Phototropins possess an amino‐terminal light‐sensing portion constituted of two Light Oxygen Voltage (LOV) domains (LOV1 and LOV2) and a carboxy‐terminal protein kinase domain of the AGC class (Christie, 2007). LOV2 constitutes the major light‐sensing domain of phot1, while it has been proposed that LOV1 is involved in modulating photosensitivity (Christie et al, 2002; Cho et al, 2007). An alpha helix (Jα) undergoing a light‐regulated conformational change connects LOV2 to the kinase domain (Harper et al, 2003). This conformational change liberates the kinase domain from the inhibitory effect of the amino‐terminus of the photoreceptor upon light treatment thus activating phototropin kinase activity (Harper et al, 2004; Matsuoka and Tokutomi, 2005; Tokutomi et al, 2008). In Arabidopsis, both phot1 and phot2 are phosphorylated upon blue light treatments and several phosphorylation sites have been identified on both light sensors (Inoue et al, 2008a, 2011; Sullivan et al, 2008). Of particular interest are sites in the activation loop of the kinase domain which when mutated to Ala prevent all tested phototropin response in vivo (Inoue et al, 2008a, 2011). This suggests that upon blue light perception phototropin autophosphorylation in the activation loop is an essential step for subsequent signalling events. Surprisingly, little is known about the substrates of this kinase activity. The auxin transporter ABCB19 was recently shown to be phosphorylated in vitro by phot1 but data demonstrating that this occurs in planta are currently not at hand (Christie et al, 2011). Phot1‐dependent dephosphorylation of the early phototropin signalling component non‐phototropic hypocotyl 3 (NPH3) has been reported but the steps leading from phot1 activation to NPH3 dephosphorylation are currently unknown (Pedmale and Liscum, 2007; Tsuchida‐Mayama et al, 2008).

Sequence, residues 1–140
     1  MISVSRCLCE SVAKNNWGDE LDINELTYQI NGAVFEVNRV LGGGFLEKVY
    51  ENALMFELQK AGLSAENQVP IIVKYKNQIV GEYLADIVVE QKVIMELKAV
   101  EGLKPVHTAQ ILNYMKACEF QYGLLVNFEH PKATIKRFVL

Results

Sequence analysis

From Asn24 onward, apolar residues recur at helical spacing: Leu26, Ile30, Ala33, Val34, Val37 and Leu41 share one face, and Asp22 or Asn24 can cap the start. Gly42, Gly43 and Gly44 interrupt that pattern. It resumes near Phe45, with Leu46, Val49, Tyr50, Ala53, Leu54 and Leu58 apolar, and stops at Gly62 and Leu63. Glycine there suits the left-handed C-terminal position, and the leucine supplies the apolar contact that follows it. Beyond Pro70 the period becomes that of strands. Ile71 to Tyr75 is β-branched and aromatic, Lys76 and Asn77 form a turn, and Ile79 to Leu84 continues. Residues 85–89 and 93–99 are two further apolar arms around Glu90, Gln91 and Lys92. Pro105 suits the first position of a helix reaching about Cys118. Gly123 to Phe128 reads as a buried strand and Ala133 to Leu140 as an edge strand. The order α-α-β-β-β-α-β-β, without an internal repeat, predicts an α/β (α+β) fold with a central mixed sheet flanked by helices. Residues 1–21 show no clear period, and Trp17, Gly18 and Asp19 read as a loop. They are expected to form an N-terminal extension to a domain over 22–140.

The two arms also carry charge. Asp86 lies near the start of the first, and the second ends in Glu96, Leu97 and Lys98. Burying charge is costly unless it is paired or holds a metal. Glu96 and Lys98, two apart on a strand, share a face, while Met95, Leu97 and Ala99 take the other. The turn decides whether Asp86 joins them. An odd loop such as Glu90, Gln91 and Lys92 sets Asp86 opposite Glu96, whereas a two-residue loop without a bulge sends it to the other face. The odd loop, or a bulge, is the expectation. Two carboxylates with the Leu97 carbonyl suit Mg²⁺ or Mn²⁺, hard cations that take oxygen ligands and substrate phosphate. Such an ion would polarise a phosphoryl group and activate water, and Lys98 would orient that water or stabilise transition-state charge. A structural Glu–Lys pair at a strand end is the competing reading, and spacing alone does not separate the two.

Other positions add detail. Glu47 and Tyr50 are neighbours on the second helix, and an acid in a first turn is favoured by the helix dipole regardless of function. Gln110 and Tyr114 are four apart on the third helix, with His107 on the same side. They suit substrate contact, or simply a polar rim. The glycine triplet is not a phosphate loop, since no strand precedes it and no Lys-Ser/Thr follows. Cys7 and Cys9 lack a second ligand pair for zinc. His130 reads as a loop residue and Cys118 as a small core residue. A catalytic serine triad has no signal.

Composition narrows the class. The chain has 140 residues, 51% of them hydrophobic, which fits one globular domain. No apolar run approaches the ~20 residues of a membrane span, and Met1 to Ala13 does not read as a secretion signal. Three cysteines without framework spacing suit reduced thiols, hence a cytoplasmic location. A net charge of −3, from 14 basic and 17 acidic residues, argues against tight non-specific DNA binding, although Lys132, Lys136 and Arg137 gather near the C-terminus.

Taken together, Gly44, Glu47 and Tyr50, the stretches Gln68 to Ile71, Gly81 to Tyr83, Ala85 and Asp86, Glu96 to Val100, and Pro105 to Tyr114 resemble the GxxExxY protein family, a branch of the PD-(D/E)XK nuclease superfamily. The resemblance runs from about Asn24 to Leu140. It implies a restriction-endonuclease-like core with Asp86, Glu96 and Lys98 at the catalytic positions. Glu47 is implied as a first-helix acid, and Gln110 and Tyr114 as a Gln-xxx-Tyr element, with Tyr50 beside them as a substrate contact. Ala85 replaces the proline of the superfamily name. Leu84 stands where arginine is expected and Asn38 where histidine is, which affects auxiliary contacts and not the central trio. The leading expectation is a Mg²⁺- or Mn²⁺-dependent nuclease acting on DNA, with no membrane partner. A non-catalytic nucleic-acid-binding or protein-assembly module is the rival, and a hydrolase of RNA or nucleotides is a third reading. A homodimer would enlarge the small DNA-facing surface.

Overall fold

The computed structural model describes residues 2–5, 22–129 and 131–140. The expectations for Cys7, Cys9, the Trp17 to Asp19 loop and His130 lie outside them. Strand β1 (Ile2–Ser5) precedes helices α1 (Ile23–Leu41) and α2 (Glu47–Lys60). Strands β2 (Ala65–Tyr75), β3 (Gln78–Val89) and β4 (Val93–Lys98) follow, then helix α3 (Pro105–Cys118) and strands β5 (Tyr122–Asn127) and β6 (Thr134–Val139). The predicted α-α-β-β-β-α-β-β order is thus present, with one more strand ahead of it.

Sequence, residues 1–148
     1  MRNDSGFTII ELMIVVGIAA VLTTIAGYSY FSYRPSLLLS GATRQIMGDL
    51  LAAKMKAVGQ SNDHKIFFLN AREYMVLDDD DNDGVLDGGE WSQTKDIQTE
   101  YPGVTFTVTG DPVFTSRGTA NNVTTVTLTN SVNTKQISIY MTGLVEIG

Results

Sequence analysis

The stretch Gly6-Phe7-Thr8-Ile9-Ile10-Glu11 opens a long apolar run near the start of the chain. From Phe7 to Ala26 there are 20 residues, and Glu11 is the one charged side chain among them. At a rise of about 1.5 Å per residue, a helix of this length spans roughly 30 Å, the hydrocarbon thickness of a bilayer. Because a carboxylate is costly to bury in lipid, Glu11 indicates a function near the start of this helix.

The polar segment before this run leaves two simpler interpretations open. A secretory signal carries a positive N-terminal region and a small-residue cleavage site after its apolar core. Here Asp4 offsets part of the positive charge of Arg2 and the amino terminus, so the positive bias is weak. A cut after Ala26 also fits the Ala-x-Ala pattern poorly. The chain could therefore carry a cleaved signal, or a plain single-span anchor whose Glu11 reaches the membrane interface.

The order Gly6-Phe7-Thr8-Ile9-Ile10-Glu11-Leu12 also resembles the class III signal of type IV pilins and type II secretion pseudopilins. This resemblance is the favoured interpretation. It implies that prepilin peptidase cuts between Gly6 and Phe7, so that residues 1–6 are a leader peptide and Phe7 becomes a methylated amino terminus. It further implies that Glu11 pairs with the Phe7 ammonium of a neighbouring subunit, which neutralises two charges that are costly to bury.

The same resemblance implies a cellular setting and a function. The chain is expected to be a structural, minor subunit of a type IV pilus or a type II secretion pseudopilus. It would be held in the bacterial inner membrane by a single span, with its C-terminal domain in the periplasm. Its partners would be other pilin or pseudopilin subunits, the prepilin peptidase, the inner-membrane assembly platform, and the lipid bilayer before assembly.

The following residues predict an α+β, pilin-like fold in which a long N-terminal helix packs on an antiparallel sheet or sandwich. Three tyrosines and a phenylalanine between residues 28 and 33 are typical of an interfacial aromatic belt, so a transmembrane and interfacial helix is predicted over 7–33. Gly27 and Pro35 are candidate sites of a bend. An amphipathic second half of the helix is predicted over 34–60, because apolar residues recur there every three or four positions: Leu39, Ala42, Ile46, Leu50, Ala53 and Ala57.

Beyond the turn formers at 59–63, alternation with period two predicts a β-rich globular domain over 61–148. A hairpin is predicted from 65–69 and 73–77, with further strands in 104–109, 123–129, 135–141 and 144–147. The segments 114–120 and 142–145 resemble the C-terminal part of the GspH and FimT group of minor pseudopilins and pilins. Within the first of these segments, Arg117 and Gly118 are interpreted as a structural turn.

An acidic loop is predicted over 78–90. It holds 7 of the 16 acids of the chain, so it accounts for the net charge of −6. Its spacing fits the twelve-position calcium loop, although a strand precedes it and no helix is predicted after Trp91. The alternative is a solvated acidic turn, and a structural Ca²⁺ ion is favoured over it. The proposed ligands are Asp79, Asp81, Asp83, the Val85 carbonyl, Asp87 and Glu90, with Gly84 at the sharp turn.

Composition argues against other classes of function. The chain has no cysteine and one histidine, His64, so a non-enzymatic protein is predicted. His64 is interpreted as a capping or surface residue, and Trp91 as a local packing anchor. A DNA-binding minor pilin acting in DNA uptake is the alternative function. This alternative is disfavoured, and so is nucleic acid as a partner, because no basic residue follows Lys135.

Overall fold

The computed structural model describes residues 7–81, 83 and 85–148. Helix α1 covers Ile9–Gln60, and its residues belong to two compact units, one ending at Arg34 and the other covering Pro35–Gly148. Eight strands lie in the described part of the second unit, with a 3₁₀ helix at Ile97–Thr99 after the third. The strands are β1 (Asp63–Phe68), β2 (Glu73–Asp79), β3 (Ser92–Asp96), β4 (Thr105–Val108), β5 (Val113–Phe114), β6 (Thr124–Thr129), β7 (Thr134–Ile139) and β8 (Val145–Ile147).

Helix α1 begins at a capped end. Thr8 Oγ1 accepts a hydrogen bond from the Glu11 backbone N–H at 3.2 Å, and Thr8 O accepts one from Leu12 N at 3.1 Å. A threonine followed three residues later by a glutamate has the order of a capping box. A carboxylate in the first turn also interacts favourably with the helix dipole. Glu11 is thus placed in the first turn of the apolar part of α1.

Members of the Phytochrome Kinase Substrate family (PKS1 to PKS4 in Arabidopsis) have also been proposed to act early in phot1 signalling given that they interact with the photoreceptor and NPH3 at the plasma membrane (Lariguet et al, 2006; Boccalandro et al, 2008; de Carbonnel et al, 2010). Moreover, PKS proteins control phototropin and phytochrome‐mediated growth responses, suggesting that they may contribute to photoreceptor co‐action during phototropism (Fankhauser et al, 1999; Lariguet et al, 2003, 2006; Boccalandro et al, 2008; Molas and Kiss, 2008; Schepens et al, 2008; de Carbonnel et al, 2010). In particular, PKS4 has a strong impact on phot1‐mediated phototropism and phytochrome‐mediated deviation from vertical growth (Lariguet et al, 2006; Schepens et al, 2008). These findings prompted us to investigate PKS4 protein regulation in response to light treatments eliciting photomorphogenic responses during seedling establishment. We analysed the phosphorylation state of PKS4 given that light‐induced phosphorylation events are important early signalling events during photomorphogenesis in particular during phototropin‐mediated light responses (Sullivan et al, 2008; Inoue et al, 2008a, 2011).
PKS4 is rapidly and transiently phosphorylated upon light irradiation
Previous studies have shown that PKS (Phytochrome Kinase Substrate) gene expression is light regulated and PKS1 protein is phosphorylated (Fankhauser et al, 1999; Lariguet et al, 2003; Schepens et al, 2008). To investigate the regulation of PKS4 at the protein level, we raised an anti‐PKS4 antibody. The specificity of the antibody was confirmed by using pks4 null mutant extracts (Figure 1A). Since PKS4 is required for normal de‐etiolation (Lariguet et al, 2006; Schepens et al, 2008), we analysed PKS4 protein levels in etiolated seedlings transferred to white light. Light treatment resulted in the rapid appearance of an additional slower migrating isoform (Figure 1A). Thus, two co‐existing isoforms of PKS4 were detected in the light: a faster migrating form already present in darkness (PKS4D) and a slower migrating form that was only detected upon light treatment (PKS4L).